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FRI0592-HPR Work rehabilitation in inflammatory arthritis: A pilot randomised controlled trial

Hammond, A; Prior, Y; O'Brien, R.; Woodbridge, S.; Radford, K.


R. O'Brien

S. Woodbridge

K. Radford


Background Work problems are common in people with inflammatory arthritis (IA): with 28-40% of people with rheumatoid arthritis (RA) stopping work in 5y of diagnosis. There is little research into effectiveness of job retention vocational rehabilitation (JRVR)for employed people with IA. Brief JR-VR led to significantly fewer job losses at 3.5 years in the USA (Allaire et al, 2003) and a
UK pilot trial demonstrated 6m improvements in work instability and work satisfaction (Macedo et al, 2009).
Objectives: To conduct a pilot randomised controlled trial (RCT) evaluating a JR-VR intervention with employed people with IA,to facilitate planning a full RCT.

Methods: Participants with IA were recruited from 6 Rheumatology departments and randomised to VR (delivered by
Rheumatology OTs with VR training) or a control group. Both groups received written self-help information about managing work problems. The VR group could receive up to 6h JR-VR, including a work visit. Presenteeism outcomes included: RA-Work Instability Scale (RAWIS:0-23), Work Limitations Questionnaire Productivity Loss (WLQPL: %), Work Activities Limitations Scale (WALS:0-33). Absenteeism was measured using monthly work diaries. Health outcomes included: SF12v2 Physical component(SF12-PC), pain, fatigue and perceived health status VAS (0-100). Mean (SD) change scores and effect sizes were calculated.
Results: 213 eligible employed patients with IA were identified, of whom 55 (26%) participated (34 with RA): 13M, 42F; aged 49y (SD 8.8); 7.9y (SD 8.9) disease duration; 33 worked full-time; job types were professional (27%), associated professional/skilled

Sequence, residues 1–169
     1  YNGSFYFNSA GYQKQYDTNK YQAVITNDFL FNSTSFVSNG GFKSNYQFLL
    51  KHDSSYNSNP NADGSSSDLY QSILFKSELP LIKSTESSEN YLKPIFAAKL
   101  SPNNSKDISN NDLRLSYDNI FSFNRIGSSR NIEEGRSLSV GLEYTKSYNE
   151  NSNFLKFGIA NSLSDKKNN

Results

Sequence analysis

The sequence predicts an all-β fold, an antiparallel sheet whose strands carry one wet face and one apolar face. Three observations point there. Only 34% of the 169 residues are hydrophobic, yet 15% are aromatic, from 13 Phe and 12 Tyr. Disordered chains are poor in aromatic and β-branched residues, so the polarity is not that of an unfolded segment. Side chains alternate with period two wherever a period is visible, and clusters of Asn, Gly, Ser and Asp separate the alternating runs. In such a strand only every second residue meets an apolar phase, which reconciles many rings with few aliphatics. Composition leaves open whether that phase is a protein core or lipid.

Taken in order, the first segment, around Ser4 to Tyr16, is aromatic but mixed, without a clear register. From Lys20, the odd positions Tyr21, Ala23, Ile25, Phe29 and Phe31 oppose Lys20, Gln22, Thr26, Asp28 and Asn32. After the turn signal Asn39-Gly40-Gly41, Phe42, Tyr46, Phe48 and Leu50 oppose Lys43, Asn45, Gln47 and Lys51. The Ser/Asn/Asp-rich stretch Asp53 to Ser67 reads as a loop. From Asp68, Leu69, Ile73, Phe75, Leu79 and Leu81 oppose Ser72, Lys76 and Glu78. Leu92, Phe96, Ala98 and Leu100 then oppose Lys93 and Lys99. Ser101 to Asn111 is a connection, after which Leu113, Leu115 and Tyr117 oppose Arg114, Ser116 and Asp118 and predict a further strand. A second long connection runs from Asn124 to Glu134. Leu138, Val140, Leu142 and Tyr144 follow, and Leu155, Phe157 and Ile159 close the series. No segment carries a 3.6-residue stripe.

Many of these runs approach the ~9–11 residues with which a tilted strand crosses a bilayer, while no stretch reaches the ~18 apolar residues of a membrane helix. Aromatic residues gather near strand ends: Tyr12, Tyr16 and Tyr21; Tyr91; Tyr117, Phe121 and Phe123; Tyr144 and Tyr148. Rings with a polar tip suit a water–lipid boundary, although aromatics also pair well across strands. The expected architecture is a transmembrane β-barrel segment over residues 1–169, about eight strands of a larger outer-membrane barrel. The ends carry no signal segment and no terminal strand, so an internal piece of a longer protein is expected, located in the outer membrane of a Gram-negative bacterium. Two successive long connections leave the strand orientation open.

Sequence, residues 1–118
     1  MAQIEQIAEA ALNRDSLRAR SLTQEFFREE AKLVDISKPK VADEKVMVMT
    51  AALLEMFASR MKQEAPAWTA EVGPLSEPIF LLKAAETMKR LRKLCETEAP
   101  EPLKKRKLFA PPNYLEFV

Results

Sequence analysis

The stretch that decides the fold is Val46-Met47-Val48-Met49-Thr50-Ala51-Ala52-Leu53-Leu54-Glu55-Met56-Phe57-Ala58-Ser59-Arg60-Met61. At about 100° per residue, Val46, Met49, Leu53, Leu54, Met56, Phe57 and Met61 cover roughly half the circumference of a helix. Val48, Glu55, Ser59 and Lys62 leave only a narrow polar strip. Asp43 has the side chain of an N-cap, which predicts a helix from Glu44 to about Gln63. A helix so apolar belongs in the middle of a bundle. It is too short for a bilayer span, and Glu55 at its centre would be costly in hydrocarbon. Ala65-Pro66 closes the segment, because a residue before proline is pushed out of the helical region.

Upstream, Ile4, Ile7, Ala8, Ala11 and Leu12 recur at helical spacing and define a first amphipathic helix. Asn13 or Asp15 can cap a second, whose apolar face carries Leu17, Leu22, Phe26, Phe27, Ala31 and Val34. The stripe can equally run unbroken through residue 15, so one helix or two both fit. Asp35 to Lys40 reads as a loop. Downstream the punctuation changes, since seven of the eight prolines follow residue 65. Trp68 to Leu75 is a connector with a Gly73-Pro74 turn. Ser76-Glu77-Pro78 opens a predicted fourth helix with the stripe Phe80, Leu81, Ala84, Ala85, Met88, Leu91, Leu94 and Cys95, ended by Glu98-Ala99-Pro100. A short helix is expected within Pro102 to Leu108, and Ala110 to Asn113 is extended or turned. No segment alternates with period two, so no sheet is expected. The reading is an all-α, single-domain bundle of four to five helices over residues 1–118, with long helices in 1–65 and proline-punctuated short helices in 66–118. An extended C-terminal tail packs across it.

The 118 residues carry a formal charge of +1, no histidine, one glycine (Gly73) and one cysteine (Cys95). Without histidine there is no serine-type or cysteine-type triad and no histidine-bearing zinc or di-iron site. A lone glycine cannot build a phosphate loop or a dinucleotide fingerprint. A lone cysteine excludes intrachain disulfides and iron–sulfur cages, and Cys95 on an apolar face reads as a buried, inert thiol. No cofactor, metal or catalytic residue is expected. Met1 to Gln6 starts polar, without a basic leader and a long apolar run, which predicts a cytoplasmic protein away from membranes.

(15%), partly skilled/admin/caring/retain (53%), unskilled (5%). Both groups were comparable at baseline (see Table). At 9m: effect sizes were moderate to large for changes in work and health outcomes in the JR-VR group and none to small in the control group; %working days lost due to sickness: JR-VR =9.6% (SD 13.6); control = 20% (SD 27.1). JR-VR lasted on average 3.08 (SD 1.8)hours and cost £74.98 (SD £46.80) per patient.

Conclusions: This pilot suggests brief JR-VR provided by Rheumatology OTs can improve presenteeism, absenteeism and health status, indicating a RCT is warranted. Recruitment was problematic, with many not consenting. Potential reasons include: fear about employers (in a recession) learning they have arthritis; concerns about time out of work attending VR; and not perceiving VR is needed as yet. JR-VR intends to prevent work problems. Support is needed to enable employed people with IA and work problems
to attend JR-VR.


Hammond, A., Prior, Y., O'Brien, R., Woodbridge, S., & Radford, K. (2014). FRI0592-HPR Work rehabilitation in inflammatory arthritis: A pilot randomised controlled trial. Annals of the Rheumatic Diseases, 73(Suppl), 1209-1209.

Journal Article Type Article
Online Publication Date Jun 10, 2014
Publication Date Jun 10, 2014
Deposit Date Jan 28, 2015
Publicly Available Date Jan 28, 2015
Journal Annals of the Rheumatic Diseases (ARD)
Print ISSN 0003-4967
Electronic ISSN 1468-2060
Publisher BMJ Publishing Group
Peer Reviewed Peer Reviewed
Volume 73
Issue Suppl
Pages 1209-1209
Publisher URL
Related Public URLs


Hammond A abstract WORK-IA feasibility trial ARD 2014.pdf (163 Kb)


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